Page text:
Nemma Halled(ph) had been hiding from the Mahdi Army in Syria until a month ago.

NEMMA HALLED: (Through translator) I have had two friends. One of them lived four houses away from my house. The Mahdi Army killed them. The second friend lived five houses away. He was killed too. Another four friends were taken from their vehicles, killed by the Mahdi Army also.

GARCIA: Halled was a former member of Saddam Hussein's Baath Party, as were his friends who were killed. The Mahdi Army had been systematically hunting them down. He decided to return only after the Iraqi Army took control of Sadr City. He sits in the house of a friend, who was also threatened by the militia because he's a policeman. His friend Mohamed says a group of Mahdi Army men came by the house the other day to apologize.

MOHAMED: (Through translator) They apologized because they were scared that people would tell on them. The realized their weakness; they knew that one day they would be arrested.

GARCIA: The two friends can barely contain their glee. Former Baathist Nemma Halled says the militiamen should all be at the very least publicly humiliated.

HALLED: (Through translator) They should capture the criminals and put them on TV and show their bad deeds to everyone.

GARCIA: They see no irony in the fact that many of the Mahdi Army members in their neighborhood are now the ones on the run. Some have fled to Syria and Iran, just like they did. The tables have turned, the men say, and they are now the ones with the power, holding their enemies lives in their hands.

Others here though remain powerless, wanting to go home but unable to. A Shiite, Abu Sarrah(ph), used to live in a Sunni neighborhood of Baghdad. The sectarian conflict left him destitute. Sunni insurgents used his spare parts shop as a base and stole all of his equipment. Later he was chased out of his home.

ABU SARRAH: (Through translator) I couldn't rent my house so I asked a Sunni friend nearby to live in my house as a guard. But then after a few months I saw him in Syria. He said he had fled as well and that he had given my house to one of his workers; then that worker gave it to a relative.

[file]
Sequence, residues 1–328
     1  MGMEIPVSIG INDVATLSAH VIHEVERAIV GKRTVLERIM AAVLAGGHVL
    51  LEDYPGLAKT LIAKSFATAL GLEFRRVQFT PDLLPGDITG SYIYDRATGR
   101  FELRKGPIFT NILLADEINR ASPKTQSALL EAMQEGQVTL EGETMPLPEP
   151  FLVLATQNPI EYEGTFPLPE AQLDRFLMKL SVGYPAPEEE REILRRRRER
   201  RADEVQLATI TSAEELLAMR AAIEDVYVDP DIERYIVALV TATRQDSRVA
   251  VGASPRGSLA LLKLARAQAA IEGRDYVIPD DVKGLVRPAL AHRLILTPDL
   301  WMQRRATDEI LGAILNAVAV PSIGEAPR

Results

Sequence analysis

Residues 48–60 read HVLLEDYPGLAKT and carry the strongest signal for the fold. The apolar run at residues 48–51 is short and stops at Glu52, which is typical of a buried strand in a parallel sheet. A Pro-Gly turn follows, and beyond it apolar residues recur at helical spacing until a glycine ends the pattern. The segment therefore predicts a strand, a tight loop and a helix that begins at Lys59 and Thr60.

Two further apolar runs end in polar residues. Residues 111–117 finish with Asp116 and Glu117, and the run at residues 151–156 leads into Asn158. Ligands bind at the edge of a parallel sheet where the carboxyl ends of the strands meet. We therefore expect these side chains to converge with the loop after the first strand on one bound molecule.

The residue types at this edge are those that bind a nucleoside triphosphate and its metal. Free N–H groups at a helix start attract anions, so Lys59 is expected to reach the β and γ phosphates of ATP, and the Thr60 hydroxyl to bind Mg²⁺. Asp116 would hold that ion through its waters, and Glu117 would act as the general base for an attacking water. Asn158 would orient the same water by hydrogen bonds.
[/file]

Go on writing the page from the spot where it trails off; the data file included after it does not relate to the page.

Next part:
GARCIA: That family is so far refusing to leave despite repeated entreaties. A few weeks ago Abu Sarrah showed up one more time.

SARRAH: (Through translator) I went with respected people in the neighborhood, and he promised to leave the house on the first of July but I don't believe him.

GARCIA: He doesn't think the neighbors will help him enforce the deal.

SARRAH: (Through translator) They are afraid. Our neighbors are afraid to help us because they don't know what the consequences will be. Maybe gangs will target them.

GARCIA: Relationships have been fractured by fear, he acknowledges. The whole experience has left him wondering whether he should simply give up. Omusis(ph), a mother of two, has already given up. Her father was kidnapped in Baghdad and he's still missing. She knows he's dead. The whole family moved down to the southern city of Hillah(ph), and she says they will never go back to the capital.

OMUSIS: It brings back memories, bad memories, you know. They cannot be living the life they were living before, you see? My mother is afraid that something might happen to my brothers, you know. You know, they might be kidnapped also or be killed by any means, you know. It's not safe. Yeah, so it's better to live in Hillah and not Baghdad.

GARCIA: Simply thinking about Baghdad terrifies and saddens her. She never again wants to see the neighborhood where she grew up.

OMUSIS: Baghdad is - what can I say - (foreign language spoken) to us, we don't want to turn back.

GARCIA: Omusis says that she too cannot forgive or forget what happened.

OMUSIS: And I don't know how it started (unintelligible) this. It would take a long time to, you know, get back and everyone would love another. It needs a miracle. Yeah, it needs a miracle.

GARCIA: Lourdes Garcia-Navarro, NPR News, Baghdad.

Copyright © 2008 NPR. All rights reserved. Visit our website terms of use and permissions pages at for further information.

NPR transcripts are created on a rush deadline by Verb8tm, Inc., an NPR contractor, and produced using a proprietary transcription process developed with NPR. This text may not be in its final form and may be updated or revised in the future. Accuracy and availability may vary. The authoritative record of NPR’s programming is the audio record.